Search the Health Library
Get the facts on diseases, conditions, tests and procedures.
I Want To...
I Want To...
Find Research Faculty
Enter the last name, specialty or keyword for your search below.
School of Medicine
I Want to...
On using stem cells in the brain to study mental disorders:
Video transcription: "My lab works on stem cells in the nervous system. In particular, we look at how stem cells are regulated in the adult brain in the region called the hippocampus. This is a region involved in learning and memory and mood regulation. So we try to understand how actually these stem cells are activated and how they are regulated, or how they are dysregulated in mental disorders. We’re very interested in adult neural stem cells for a couple of reasons. One of them is it is generally believed that the adult brain is a very inhibitory environment for mature neurons. That is why during an injury, old neurons cannot regrow. However, these young neurons actually have an amazing capacity to regrow, reconnect and contribute to the circuitry. We want to know how actually they do that, how the young cells can connect to the circuitry and contribute to the brain functions. We also want to know how the local environment, in this particular case, actually can support that growth. How they can take upon those new neurons and make them useful. We hope is that by learning how they do it, we can use this strategy to promote regeneration of the mature brain in the other part where we do not have stem cells and to promote regeneration of mature neurons after injury.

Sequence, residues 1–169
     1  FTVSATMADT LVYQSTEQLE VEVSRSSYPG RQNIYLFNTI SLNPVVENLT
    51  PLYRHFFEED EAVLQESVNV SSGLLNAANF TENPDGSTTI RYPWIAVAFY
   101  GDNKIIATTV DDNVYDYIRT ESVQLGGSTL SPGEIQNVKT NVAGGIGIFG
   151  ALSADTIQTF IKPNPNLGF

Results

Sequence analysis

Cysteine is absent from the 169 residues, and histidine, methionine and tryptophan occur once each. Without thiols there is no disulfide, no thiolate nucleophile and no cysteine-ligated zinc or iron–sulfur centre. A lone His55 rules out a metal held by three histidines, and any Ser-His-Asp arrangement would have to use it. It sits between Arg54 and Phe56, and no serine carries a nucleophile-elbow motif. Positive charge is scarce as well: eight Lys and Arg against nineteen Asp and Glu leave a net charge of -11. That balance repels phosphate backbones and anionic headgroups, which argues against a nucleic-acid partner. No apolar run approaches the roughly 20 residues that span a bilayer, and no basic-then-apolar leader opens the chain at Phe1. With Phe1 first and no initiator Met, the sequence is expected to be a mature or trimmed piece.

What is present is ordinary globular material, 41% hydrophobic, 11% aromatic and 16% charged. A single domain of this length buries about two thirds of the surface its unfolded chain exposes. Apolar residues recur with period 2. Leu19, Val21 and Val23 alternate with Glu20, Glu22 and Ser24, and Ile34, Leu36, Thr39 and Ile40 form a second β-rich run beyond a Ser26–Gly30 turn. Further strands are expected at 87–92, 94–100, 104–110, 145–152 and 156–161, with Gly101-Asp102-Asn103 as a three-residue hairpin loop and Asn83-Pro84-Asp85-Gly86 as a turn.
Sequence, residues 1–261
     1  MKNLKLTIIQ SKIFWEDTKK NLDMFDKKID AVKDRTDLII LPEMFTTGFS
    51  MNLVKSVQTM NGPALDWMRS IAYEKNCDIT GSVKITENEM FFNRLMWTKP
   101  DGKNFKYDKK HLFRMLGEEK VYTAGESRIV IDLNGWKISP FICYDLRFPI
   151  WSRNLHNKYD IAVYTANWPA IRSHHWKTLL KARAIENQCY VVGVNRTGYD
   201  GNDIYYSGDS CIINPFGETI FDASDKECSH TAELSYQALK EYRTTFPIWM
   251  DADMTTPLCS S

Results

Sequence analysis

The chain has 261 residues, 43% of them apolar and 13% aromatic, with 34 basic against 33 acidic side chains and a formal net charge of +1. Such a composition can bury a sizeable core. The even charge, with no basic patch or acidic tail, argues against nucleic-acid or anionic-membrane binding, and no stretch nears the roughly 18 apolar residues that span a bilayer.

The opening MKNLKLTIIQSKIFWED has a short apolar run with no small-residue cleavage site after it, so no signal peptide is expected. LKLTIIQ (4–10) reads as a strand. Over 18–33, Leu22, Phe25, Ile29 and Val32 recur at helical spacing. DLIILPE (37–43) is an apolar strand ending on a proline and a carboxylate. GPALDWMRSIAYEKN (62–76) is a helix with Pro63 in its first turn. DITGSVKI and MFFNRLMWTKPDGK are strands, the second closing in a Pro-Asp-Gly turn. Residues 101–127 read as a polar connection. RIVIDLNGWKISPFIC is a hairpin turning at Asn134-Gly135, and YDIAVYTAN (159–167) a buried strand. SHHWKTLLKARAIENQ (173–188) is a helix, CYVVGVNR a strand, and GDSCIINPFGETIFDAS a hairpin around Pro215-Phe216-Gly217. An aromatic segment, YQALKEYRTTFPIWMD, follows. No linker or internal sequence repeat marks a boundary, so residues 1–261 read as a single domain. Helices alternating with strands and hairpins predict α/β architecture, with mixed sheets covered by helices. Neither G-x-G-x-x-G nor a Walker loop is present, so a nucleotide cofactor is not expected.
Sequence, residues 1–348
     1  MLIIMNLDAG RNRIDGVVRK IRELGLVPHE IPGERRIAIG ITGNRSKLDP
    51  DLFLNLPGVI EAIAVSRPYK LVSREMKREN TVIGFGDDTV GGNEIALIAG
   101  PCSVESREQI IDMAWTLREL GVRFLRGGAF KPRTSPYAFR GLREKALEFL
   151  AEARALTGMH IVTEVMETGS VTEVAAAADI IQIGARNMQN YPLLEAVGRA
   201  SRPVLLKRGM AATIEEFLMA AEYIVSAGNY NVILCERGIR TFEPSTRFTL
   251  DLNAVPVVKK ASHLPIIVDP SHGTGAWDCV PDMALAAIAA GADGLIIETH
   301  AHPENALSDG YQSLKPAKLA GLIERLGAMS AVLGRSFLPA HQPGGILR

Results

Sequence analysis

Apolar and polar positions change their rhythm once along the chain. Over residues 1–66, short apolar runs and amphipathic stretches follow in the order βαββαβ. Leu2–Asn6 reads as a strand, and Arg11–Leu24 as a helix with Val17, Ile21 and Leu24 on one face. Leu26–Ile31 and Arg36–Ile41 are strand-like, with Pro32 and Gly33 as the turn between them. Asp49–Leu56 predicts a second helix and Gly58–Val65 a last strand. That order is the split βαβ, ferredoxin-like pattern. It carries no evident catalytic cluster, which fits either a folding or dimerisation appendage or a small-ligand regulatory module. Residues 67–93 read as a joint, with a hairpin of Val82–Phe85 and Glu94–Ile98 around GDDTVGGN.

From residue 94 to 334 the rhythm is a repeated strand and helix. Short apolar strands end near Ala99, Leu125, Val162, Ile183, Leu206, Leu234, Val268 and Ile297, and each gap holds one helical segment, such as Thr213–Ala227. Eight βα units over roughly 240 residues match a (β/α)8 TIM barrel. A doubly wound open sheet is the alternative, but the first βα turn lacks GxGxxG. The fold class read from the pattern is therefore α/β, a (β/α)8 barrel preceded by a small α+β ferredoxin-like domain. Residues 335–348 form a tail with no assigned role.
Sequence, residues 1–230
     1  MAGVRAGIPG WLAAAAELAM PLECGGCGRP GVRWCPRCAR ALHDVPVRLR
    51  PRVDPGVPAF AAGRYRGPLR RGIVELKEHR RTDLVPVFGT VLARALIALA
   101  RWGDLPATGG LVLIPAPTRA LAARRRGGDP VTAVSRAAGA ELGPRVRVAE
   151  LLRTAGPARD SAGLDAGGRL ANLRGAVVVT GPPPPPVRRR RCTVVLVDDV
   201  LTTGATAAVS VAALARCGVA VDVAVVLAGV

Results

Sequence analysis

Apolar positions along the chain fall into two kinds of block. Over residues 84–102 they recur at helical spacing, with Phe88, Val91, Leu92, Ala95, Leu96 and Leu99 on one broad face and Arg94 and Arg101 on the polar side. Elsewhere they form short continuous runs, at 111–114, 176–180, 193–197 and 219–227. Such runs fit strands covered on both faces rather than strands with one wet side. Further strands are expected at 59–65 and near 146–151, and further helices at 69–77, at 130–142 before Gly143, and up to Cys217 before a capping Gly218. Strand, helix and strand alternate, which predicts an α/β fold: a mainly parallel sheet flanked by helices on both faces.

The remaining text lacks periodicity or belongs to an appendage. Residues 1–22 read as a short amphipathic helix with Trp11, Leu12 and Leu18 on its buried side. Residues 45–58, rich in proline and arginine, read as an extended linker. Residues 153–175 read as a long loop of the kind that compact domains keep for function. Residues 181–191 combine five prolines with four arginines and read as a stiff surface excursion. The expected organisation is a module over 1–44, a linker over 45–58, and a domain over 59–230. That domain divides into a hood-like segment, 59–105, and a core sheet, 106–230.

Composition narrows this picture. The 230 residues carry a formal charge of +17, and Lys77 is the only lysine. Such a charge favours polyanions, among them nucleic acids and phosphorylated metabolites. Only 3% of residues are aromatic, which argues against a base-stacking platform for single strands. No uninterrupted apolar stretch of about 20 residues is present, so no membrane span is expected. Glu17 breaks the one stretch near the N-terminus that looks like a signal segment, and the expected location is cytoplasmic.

"It turns out that these stem cells are very good tools to study why genes involved in mental disorder lead to defects in neurodevelopment. We’re also using this as a model system in rodents to study how a gene implicated in mental disorders, such as depression and schizophrenia, how do they affect the development of new neurons in the adult brain. At the same time, once we identify a specific defect caused by some genes involved in neurodevelopment, we actually can go back to human genetics to try to understand whether these are new genes involved in schizophrenia or depression or bipolar disorders."